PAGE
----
Today there will be a strike of some public sector workers over cuts in redundancy payments. I don’t expect the government to suddenly give in owing to industrial action. The strikers might be disappointed at how little impact there is from their inaction. I can understand employees’ frustration at unilateral changes to their terms and conditions. They are paying the price of their employer’s failure to run the public accounts sensibly and to motivate and lead staff professionally to get better results.
It is the culmination of bad handling of recruitment, training, retention and dismissal in Labour’s public sector. The strike reflects badly on both sides. A good employer should not need to make too many employees redundant, because he would not have over recruited in the first place. Redundancies can be an unhappy necessity in a business where demand suddenly collapses, often owing to government financial and economic mismangement of the economy. It should not be common in the public sector, where traditionally spending goes up every year regardless of economic performance. This year again spending will rise.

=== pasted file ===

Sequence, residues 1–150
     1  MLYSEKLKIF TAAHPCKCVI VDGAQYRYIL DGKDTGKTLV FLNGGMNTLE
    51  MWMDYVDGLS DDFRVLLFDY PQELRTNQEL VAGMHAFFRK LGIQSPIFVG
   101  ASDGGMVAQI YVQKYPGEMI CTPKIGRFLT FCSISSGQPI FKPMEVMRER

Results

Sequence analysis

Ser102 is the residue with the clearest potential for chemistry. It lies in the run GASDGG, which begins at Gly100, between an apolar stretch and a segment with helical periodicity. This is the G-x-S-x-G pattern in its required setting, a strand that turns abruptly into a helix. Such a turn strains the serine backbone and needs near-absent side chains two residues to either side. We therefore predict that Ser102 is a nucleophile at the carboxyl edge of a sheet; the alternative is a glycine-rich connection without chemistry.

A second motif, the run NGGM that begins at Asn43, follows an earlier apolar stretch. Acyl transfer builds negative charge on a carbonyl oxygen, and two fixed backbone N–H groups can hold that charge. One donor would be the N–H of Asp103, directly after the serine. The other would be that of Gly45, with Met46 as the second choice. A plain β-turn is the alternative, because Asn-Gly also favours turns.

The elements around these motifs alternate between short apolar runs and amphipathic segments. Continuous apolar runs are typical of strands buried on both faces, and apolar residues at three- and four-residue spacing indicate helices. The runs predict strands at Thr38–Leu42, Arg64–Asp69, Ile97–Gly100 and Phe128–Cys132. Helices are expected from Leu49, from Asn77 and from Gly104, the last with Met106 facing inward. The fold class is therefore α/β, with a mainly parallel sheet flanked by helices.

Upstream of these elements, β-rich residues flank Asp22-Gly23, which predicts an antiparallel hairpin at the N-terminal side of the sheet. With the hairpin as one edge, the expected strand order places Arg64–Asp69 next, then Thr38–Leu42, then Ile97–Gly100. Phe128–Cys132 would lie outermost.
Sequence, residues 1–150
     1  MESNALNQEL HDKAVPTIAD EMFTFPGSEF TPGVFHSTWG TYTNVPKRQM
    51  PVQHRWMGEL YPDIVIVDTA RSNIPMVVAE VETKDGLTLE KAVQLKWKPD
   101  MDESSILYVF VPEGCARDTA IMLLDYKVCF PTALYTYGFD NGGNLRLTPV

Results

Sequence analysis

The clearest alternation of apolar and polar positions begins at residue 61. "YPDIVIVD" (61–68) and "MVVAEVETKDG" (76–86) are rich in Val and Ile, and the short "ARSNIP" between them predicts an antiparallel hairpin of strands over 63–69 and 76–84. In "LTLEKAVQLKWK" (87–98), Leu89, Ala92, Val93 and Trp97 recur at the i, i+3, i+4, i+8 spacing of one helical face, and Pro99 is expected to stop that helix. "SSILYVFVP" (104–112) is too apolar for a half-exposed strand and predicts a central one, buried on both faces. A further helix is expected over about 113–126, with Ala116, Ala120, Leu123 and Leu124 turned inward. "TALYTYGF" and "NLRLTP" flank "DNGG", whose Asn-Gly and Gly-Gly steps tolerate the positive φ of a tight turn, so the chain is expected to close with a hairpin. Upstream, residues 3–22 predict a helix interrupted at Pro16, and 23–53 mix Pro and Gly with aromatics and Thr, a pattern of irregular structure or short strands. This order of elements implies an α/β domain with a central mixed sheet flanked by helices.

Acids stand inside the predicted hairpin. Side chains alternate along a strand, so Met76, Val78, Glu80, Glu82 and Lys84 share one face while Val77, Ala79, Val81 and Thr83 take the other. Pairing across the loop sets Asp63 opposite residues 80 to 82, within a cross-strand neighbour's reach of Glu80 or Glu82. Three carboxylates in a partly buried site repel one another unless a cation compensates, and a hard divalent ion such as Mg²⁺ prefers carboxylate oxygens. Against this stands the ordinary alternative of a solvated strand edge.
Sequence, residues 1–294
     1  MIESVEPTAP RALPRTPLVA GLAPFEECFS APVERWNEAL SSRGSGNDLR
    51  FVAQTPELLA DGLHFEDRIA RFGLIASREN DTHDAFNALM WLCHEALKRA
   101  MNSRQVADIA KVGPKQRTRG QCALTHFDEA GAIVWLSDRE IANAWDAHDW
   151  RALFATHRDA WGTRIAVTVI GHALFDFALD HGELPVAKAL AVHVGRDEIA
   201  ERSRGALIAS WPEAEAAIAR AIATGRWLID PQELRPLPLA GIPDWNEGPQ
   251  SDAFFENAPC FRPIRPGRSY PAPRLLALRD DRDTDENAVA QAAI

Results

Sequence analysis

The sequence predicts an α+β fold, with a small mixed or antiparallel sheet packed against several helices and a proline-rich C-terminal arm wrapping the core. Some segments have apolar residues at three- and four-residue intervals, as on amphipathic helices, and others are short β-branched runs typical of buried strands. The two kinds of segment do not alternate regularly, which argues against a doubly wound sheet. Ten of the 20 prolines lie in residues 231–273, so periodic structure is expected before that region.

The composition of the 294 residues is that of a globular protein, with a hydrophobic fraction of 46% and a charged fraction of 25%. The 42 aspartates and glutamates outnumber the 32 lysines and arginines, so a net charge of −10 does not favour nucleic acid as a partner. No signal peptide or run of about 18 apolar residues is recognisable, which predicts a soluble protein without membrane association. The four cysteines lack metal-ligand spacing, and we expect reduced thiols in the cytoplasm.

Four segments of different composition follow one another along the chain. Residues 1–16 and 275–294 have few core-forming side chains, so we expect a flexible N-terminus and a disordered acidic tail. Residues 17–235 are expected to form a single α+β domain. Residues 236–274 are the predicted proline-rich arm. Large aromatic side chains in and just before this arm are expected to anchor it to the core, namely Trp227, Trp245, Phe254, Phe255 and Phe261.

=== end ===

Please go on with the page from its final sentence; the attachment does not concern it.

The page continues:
It demonstrates that the public sector still does not get how grave the national financial situation is. The government needs to sit down with representatives of all its staff and hammer out how the total pay bill is going to be cut. Will it be done by work sharing, by recruitment bans, by pay freezes, by selective closures and redundancies in non front line services, or some combination of all these? After years of overexpansion of numbers and pay we need something new to the public sector – a fall in the total pay bill. Industry has had to do this on a big scale in the recession, and has done so without large strikes and with substantial co-operation between managers and employees. When will the public sector wake up to what it needs to do?